Increased self-awareness in leaders drives innovation and change by enabling them to continually improve their ability to manage and collaborate with others, creating the conditions for everyone involved to thrive.

Central to the drive of an organisation to remain competitive is its ability to tolerate and stay comfortable with a state of continuous and transformational change. A leaders’ role in creating the conditions for this to come about cannot be understated. Focus on innovation, maintaining position in a dynamic market and looking for competitive advantage need to be front and centre. Through this adaptable and flexible approach, leaders can play instrumental roles in navigating start-ups and larger organisation systems through turbulent times. 

Where this works, the results stand out. When it doesn’t, the results tend to be seen more in statistics – in 2018, 5.7 million private businesses established in the UK alone. Yet, about 90% of start-ups fail.

In a complex world like the one we operate in today, multiple variables can negatively impact an organisation’s ability to adapt to change. That being said, how organisations are led is often one of the main reasons they fail to innovate and adjust to circumstances. And leading better in the future usually starts with being aware of how we are leading now. For this reason, Increased self-awareness in leaders drives innovation and change.

On the other hand, leaders are believed to be one of the main reasons companies fail to innovate and adjust to change. Dealing with the complexity of constant change and how not only to see a path through but also bring others along with you is something that not enough emerging leaders can develop. Josh Bersin suggests that we need to ask ourselves one crucial question: how do we provide future leaders with the tools and data needed to continually improve and develop a new generation of leaders?

The field of leadership theory is an incredibly cluttered one, with multiple models, approaches and gurus proposing that their silver bullet is the cure to this. Well-known theories such as transformational leadership, servant leadership, entrepreneurial leadership and innovation leadership are routinely taught, to name but a few. While these approaches provide an understanding of good leaders’ expected behavioural traits, their complexity and reliance on models that must be memorised can quickly blunt their impact.

In his talk, “Great leadership comes down to only two rules, ” Peter Anderton highlights that the development of the numerous complex theories buried the real purpose of leadership. Anderton explains that despite leadership not being easy, it is simple, and it can be achieved through two simple rules.

Rule #1: It is not about you; it is about people.

Some of the most influential leaders have recognised that the best leaders are the ones that are not seen and make their followers feel like they achieved their goals by themselves. The idea is supported by transformational leadership, according to which a leader can inspire others and develop a shared vision. Leaders can only deliver results through other people. The world today is too complicated for only one person to have all the answers. As Eleanor Roosevelt said, “A good leader inspires people to have confidence in the leader; a great leader inspires people to have confidence in themselves.” Therefore, innovative leaders are not afraid of hiring people smarter than them and allowing them space and support to develop a range of competencies and perspectives, driving innovation essential for maintaining an organisation’s competitive advantage and growth. Great leaders do not create followers; instead, they create more leaders.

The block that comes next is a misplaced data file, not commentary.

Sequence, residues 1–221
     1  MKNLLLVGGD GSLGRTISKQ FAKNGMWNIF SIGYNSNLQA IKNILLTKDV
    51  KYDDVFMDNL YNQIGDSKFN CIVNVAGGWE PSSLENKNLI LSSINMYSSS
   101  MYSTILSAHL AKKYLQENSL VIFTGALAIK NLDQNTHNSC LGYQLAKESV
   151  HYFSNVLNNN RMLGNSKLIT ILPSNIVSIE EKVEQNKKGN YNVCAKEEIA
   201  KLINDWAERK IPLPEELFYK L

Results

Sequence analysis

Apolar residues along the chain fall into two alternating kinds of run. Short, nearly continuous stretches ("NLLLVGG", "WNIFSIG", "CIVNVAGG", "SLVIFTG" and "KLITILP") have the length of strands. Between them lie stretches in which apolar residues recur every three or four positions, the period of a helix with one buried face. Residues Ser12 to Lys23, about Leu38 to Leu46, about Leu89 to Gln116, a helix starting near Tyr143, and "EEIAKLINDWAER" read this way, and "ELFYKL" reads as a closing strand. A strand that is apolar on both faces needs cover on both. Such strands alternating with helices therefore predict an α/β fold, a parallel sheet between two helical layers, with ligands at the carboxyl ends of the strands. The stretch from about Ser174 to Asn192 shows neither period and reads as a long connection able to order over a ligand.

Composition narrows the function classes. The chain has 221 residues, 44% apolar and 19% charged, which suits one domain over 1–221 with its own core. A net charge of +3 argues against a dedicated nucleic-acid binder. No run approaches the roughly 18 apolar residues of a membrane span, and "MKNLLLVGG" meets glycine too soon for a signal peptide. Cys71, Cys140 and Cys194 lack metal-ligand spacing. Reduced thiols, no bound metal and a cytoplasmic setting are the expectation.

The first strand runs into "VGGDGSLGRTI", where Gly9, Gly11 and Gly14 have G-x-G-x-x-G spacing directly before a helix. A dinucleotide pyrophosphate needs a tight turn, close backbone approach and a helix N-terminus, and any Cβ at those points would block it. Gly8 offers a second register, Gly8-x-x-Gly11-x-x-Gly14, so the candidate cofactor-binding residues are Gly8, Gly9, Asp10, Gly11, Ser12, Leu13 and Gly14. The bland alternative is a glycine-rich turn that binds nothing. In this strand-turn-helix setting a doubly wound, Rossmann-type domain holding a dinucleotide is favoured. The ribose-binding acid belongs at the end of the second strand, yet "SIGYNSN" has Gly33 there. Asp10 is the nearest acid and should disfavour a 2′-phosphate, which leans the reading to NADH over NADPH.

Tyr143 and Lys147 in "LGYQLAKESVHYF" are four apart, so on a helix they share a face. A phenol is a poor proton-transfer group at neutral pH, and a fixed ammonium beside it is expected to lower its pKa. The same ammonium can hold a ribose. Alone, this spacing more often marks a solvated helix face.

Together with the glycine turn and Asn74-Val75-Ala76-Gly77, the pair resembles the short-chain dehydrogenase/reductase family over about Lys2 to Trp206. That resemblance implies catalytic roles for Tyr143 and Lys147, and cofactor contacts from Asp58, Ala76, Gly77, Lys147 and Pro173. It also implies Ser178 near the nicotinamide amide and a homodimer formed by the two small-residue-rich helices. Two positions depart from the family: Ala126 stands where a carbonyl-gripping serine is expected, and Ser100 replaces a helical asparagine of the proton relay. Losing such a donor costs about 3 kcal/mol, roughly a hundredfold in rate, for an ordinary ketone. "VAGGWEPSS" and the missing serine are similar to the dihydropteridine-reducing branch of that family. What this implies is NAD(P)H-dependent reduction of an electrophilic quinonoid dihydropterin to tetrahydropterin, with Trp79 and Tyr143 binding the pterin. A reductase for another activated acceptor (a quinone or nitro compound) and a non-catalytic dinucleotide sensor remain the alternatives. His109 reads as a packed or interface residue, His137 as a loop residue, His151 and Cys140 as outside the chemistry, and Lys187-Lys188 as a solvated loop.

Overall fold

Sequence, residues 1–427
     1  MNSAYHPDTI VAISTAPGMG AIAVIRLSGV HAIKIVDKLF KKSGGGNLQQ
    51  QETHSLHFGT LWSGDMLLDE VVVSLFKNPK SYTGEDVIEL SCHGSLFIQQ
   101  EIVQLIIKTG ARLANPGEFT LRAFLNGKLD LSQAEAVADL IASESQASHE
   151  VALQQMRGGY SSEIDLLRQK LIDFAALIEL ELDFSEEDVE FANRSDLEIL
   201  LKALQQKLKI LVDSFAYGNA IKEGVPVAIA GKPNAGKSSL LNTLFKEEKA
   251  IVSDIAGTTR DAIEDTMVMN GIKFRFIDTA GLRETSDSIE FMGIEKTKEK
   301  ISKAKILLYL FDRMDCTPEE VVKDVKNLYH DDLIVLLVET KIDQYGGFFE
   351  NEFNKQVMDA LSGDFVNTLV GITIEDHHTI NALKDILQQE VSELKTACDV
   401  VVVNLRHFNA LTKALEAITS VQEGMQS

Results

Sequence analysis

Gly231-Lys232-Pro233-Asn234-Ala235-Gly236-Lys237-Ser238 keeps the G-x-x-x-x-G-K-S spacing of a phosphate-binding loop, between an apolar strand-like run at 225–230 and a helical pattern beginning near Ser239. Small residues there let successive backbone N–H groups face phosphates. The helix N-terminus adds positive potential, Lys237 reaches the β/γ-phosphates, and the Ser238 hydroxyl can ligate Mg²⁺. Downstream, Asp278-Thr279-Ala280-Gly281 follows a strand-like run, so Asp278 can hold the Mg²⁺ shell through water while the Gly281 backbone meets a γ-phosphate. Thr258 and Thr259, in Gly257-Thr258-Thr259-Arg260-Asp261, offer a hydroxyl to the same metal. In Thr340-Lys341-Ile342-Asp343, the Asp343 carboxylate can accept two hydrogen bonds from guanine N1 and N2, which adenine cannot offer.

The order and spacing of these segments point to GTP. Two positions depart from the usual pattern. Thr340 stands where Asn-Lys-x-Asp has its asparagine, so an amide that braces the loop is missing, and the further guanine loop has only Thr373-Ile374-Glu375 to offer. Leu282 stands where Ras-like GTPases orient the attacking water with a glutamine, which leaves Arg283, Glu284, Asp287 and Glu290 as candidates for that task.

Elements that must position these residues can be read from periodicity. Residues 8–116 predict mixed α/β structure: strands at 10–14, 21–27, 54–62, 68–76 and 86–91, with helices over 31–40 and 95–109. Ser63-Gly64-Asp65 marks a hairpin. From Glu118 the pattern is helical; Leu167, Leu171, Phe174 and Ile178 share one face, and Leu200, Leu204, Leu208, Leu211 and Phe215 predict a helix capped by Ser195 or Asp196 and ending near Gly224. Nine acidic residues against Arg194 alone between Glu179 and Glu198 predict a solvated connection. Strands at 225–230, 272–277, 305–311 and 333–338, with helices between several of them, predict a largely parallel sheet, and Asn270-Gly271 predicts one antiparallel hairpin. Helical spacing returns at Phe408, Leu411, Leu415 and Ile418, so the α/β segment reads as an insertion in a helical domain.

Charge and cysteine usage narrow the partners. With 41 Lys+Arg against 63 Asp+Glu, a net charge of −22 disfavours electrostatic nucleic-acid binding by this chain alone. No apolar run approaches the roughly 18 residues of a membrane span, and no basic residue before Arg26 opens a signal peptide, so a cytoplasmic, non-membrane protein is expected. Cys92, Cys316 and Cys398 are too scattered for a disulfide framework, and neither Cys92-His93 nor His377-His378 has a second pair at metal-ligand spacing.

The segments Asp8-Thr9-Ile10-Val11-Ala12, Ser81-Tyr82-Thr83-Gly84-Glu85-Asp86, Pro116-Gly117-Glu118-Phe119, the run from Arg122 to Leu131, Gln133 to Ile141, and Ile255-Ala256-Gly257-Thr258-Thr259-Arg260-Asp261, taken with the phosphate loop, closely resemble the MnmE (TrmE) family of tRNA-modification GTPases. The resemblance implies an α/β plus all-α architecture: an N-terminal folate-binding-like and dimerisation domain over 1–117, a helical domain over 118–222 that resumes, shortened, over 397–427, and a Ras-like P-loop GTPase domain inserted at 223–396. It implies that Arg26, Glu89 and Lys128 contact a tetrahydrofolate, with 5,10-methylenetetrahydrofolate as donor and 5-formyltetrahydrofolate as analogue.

Rule #2; It’s all about you.

The second rule introduced by Anderton is that it’s all about you. According to Dee Hock, a VISA founder, leaders need to devote at least 40% of their time to lead themselves before leading others. A leader needs to be aware of their strengths and weaknesses and have a strong understanding of what they aim to reach. Only then can a leader live the change they want to achieve, set an example for others and be truly authentic and transparent. 

Why increased self-awareness in leaders helps drive innovation and change.

Pulling back to these two simple rules can help address the two main challenges that leaders face today; creating a shared vision and motivating people’s teams to support it.

Many leaders find this difficult not because of incapability but because of a lack of reflective space or coaching. Turbulent times are some of the most challenging to navigate, as leaders must deal with the impacts of change for themselves and create the conditions for others to do the same. Awareness of yourself as an individual, the ability to bring others along, the vision to see a path forward and the knowledge of your strengths and weaknesses and how to surround yourself with others who complement them is a delicate balance to achieve – doing this with low self-awareness – practically impossible. 

Increased self-awareness in leaders drives innovation and change. Convinced? I am, and I hope this article has gone some way to getting that across. 

If you liked this, why not download my ebook on Successfully Leading Change. Or try this post on embodied leadership.

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Written for those currently in Management or Leadership positions, it contains:

- 24 pages packed with detail and insight
- The outline of an approach drawn from 20 years working in, with and leading multinational teams through change
- The psychological know-how of a qualified Coach, Therapist and Organisational Development Consultant

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